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The study calls for new search to find Malaysia Airlines flight MH370

The study calls for new search to find Malaysia Airlines flight MH370

Head search for Malaysia Airlines flight MH370 He called for a new investigation based on new evidence indicating that the wreckage of the Boeing 777 may be at the bottom of the Indian Ocean, according to a report.

Peter Foley, who led the Australian government’s search for the ill-fated plane, which disappeared on March 8, 2014, with 239 people on board, He told The Times of London He approved new research produced by oceanographers and aviation experts.

The flight, which took off for Beijing from Kuala Lumpur, Malaysia, mysteriously reversed course and traveled south until the fuel ran out.

Acting on behalf of Malaysia, Australia Failed to locate the aircraft During the largest search in aviation history before it was completed in 2017. The second search, led by the US company Ocean Infinity, was also blank.

But 33 pieces of debris – confirmed or classified as very likely to be from the plane – have been found in Mauritius, Madagascar, Tanzania and South Africa, The Times reports.

A woman lights a candle as Chinese relatives of the passengers of the missing Malaysia Airlines flight MH370 participate in a prayer at the Metro Park Hotel in Beijing on April 8, 2014.
A woman lights a candle as Chinese relatives of the passengers of the missing Malaysia Airlines flight MH370 participate in a prayer at the Metro Park Hotel in Beijing on April 8, 2014.
Wang Chao / AFP via Getty Images

In August 2020, part of the wing pavilion was found in South Africa.

On Monday, a report from an independent group of experts said the damage indicated it had ripped apart the aircraft in an uncontrolled, high-speed dive – contradicting alternative theories that a rogue pilot abandoned the aircraft, according to the enforcer.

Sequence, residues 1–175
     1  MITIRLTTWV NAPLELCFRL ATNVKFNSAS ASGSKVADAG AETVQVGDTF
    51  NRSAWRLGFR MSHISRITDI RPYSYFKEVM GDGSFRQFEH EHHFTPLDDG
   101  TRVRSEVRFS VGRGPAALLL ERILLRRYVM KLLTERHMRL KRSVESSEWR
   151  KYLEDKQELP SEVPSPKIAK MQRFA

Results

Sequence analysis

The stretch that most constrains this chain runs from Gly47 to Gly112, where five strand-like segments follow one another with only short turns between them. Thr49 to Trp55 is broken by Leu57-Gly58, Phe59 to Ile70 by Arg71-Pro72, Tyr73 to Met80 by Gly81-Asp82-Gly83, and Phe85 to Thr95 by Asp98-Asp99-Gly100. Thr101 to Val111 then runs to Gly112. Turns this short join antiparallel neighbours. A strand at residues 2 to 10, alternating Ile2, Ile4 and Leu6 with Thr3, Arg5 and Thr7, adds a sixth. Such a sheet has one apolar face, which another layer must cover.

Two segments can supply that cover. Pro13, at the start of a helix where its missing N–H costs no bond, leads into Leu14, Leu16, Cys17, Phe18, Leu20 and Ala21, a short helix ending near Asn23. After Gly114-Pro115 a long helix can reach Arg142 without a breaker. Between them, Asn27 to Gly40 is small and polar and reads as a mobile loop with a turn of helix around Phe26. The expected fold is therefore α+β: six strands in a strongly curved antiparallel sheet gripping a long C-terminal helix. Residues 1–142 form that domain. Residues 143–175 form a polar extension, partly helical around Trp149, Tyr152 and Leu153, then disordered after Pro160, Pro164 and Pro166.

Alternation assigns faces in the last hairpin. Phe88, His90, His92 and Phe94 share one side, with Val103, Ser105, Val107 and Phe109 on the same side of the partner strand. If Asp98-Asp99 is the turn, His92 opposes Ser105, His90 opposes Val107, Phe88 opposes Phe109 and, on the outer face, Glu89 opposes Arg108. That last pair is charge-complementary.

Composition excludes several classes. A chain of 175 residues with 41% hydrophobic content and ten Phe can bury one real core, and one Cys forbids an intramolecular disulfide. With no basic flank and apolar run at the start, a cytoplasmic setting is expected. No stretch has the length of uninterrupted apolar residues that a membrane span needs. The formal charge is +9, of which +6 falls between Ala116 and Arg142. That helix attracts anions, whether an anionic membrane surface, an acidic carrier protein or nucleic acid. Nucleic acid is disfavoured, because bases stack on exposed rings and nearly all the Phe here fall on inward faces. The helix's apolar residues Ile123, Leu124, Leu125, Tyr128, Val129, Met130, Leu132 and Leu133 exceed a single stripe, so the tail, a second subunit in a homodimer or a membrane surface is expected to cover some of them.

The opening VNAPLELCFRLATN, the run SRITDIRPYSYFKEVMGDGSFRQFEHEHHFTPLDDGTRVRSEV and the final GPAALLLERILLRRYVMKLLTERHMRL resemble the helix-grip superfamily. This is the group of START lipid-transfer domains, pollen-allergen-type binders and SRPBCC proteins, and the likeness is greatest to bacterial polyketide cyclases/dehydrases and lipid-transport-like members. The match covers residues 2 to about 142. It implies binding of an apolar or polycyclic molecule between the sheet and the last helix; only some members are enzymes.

Operators monitor TAC stations aboard the RNZAF P3 Orion during searches for the debris and debris of the missing Malaysia Airlines flight MH370 in the southern Indian Ocean on April 4, 2014, near Australia.
Operators monitor TAC stations aboard the RNZAF P3 Orion during searches for the debris and debris of the missing Malaysia Airlines flight MH370 in the southern Indian Ocean on April 4, 2014, near Australia.
Nick Perry-Ball / Getty Images

Ocean drift analysis and a revised flight path review released late last year found that the MH370 may have dived about 1,200 miles west of Cape Lewin, Western Australia.

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Foley, who oversaw the sonar research covering nearly 50,000 square miles of ocean floor, said a new investigation should examine the sea floor 70 nautical miles on either side of the target area.

A relative of a passenger on board Malaysia Airlines flight MH370 cries at a local hotel as families gather on March 9, 2014 in Beijing, China.
A relative of a passenger on board Malaysia Airlines flight MH370 cries at a local hotel as families gather on March 9, 2014 in Beijing.
Feng Li / Getty Images

“The large areas have not been completely searched,” he told The Times.

Blaine Gibson, a 63-year-old US attorney who has devoted much of recent years to researching the wreckage, said updated modeling by Professor Charitha Batterachi, an oceanographer at the University of Western Australia, provided a strong case for a third research.

A relative of a missing passenger on board Flight MH370 cries outside the main gate of the Lama Temple on March 8, 2015 in Beijing, China.
A relative of a missing passenger on board Flight MH370 cries outside the main gate of the Lama Temple on March 8, 2015 in Beijing.
Kevin Fryer / Getty Images

Bataraci had predicted where to find the wreck a year before the first piece was found.

The Malaysian government has said it will need convincing new evidence before embarking on further research.

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